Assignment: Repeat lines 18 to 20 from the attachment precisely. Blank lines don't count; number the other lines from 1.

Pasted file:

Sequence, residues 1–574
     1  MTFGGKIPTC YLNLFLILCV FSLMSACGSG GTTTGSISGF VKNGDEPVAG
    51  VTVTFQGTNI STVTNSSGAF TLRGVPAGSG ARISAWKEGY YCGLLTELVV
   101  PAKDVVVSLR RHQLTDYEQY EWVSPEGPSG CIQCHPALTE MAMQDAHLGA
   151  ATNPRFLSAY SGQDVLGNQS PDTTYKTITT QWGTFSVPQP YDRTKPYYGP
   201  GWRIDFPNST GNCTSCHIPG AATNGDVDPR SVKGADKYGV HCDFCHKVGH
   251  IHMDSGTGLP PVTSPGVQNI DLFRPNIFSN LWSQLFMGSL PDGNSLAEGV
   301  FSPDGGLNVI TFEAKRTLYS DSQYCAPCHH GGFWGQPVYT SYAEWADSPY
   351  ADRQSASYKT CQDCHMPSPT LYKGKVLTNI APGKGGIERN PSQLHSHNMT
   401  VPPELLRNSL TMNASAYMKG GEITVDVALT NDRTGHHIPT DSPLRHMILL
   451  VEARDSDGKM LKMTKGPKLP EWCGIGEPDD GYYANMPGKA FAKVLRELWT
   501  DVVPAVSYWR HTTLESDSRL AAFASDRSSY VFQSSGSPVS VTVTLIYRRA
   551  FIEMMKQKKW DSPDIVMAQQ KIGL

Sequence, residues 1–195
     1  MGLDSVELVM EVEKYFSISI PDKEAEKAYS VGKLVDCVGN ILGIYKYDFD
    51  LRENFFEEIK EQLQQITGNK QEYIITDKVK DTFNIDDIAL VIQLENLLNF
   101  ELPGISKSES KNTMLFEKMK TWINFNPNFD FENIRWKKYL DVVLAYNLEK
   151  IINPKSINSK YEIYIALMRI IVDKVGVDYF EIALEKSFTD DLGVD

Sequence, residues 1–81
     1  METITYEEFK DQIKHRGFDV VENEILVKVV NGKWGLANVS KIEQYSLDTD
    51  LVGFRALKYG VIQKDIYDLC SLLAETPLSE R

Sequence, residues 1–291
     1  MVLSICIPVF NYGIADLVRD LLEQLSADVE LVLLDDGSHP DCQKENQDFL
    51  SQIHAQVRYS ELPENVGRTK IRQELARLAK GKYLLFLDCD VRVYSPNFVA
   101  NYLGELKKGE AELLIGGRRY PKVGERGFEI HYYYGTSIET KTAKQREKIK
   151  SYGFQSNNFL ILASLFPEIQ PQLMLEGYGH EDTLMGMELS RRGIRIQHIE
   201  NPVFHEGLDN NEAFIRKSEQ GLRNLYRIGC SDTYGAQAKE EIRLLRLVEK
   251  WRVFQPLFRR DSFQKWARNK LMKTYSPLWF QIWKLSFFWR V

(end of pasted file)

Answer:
   151  IINPKSINSK YEIYIALMRI IVDKVGVDYF EIALEKSFTD DLGVD

Sequence, residues 1–81
     1  METITYEEFK DQIKHRGFDV VENEILVKVV NGKWGLANVS KIEQYSLDTD